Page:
When Albert Einstein stayed in a hotel in Tokyo in 1922 he tipped a delivery boy a hand-written note instead of cash. Written in fountain pen on Art Deco style stationary from the Imperial Hotel Tokyo, the note imparts a simple message in German about how to find happiness. All these years later, the note has come up for auction.

The irony is that the note has now sold for an incredibly large sum, far exceeding the auction house’s expectations and flying in the face of the message of the note.

Via/ Library of Congress

Albert and Elsa Einstein set off for Japan in 1922 aboard the SS Kitano Maru (seen aboard above) for a series of lectures and to escape the crowds of Europe. But, considering that Einstein’s friend, Walter Rathenau, had just been gunned down by Anti-Semitic extremists, there was reason to believe that Einstein’s life could have been in danger as well.

Via/ Wiki Commons

The pair were shown great hospitality in Japan, with booked lecture halls and warm receptions everywhere they went and the Einsteins were frequently in the headlines of Japanese newspapers.

In 1922 a courier delivered a note about the Nobel Prize to Albert Einstein. In lieu of a cash tip, Einstein neatly wrote some words of wisdomon a sheet of hotel stationary, one of 2 such notes. Translated from German, the note roughly reads: “A quiet and modest life brings more joy than a pursuit of success bound with constant unrest.”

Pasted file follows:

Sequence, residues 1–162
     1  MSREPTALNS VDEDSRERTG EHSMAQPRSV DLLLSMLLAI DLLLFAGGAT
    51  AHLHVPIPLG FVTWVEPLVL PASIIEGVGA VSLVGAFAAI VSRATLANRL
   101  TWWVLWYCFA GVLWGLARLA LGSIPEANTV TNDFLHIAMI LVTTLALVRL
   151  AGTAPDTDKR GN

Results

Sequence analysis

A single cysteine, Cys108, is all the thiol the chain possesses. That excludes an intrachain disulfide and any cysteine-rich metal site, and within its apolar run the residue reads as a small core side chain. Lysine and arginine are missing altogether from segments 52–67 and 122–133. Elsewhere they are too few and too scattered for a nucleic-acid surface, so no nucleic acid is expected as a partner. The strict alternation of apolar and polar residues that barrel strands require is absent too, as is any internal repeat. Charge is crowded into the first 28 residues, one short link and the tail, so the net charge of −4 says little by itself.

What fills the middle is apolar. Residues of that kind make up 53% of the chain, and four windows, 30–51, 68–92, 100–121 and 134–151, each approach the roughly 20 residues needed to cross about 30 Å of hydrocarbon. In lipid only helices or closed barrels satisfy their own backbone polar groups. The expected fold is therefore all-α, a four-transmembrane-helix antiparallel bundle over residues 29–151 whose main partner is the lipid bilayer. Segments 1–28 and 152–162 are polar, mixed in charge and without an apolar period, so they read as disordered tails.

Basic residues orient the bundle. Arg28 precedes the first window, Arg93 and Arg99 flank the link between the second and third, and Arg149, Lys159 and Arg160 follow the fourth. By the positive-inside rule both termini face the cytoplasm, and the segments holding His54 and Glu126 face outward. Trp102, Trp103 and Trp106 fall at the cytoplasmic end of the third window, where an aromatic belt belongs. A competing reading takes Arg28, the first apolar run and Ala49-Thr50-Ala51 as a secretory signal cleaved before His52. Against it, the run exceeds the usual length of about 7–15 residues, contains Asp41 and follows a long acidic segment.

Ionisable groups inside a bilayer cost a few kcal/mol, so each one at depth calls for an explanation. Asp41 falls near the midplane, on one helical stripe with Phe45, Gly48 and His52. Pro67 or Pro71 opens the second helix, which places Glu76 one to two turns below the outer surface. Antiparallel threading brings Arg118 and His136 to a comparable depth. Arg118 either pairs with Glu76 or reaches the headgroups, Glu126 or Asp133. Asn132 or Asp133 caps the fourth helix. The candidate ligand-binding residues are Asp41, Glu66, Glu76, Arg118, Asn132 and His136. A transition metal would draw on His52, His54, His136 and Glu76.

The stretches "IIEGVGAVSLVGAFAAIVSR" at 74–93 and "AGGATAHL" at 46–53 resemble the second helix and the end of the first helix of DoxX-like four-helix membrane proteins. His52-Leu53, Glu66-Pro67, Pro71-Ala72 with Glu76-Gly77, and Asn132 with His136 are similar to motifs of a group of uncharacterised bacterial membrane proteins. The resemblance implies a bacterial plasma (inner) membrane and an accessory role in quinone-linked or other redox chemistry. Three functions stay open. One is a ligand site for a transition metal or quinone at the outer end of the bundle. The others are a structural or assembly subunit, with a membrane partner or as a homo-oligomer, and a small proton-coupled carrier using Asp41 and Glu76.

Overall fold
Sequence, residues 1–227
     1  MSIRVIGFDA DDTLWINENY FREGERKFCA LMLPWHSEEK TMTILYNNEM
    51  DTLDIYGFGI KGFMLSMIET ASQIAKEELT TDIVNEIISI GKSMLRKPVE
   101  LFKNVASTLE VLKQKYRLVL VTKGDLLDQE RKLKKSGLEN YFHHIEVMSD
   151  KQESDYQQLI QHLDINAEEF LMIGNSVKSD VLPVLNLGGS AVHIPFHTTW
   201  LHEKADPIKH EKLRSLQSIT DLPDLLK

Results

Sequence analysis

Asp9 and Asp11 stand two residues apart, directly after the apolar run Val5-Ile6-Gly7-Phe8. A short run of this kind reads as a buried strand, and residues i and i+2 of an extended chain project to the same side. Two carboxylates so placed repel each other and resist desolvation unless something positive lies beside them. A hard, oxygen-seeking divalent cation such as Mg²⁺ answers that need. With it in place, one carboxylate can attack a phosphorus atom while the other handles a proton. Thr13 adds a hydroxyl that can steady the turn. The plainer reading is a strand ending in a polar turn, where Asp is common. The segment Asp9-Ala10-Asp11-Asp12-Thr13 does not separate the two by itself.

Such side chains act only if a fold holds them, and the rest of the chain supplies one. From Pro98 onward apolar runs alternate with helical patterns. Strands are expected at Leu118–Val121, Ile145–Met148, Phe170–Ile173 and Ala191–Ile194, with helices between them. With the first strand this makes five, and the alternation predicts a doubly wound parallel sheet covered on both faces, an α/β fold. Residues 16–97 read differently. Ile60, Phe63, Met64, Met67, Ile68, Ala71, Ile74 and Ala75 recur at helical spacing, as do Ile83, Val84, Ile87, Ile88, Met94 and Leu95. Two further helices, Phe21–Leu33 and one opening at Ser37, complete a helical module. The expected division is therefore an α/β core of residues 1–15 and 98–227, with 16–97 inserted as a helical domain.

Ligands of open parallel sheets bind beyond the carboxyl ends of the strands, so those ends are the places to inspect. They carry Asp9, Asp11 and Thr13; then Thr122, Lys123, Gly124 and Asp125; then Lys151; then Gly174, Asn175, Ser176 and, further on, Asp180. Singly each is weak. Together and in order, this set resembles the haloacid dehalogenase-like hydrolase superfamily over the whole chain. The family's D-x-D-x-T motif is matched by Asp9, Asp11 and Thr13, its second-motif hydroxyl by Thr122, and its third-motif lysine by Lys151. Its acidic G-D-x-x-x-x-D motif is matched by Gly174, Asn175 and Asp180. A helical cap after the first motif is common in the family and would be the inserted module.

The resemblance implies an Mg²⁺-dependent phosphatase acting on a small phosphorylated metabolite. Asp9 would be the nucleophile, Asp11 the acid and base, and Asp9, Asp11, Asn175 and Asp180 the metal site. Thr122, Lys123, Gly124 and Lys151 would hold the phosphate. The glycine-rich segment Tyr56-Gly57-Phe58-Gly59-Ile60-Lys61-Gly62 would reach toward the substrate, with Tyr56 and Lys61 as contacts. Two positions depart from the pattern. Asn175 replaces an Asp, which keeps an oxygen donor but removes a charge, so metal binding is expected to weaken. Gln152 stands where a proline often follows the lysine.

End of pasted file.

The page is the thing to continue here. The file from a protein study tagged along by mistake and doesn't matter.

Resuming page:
Einstein note on happy living sells for $1.56 mln: auction house

A note that Albert Einstein gave to a courier in…Posted by FiloPost onTuesday, October 24, 2017

The message of humility and simplicity has now ironically sold for $1.56 million at recent auction in Jerusalem on October 24th, 2017. Neither the buyer or the seller have been disclosed by the auction house at this time. A second Einstein note from the same trip sold for a mere $240,000 and read: “Where there’s a will, there’s a way.”

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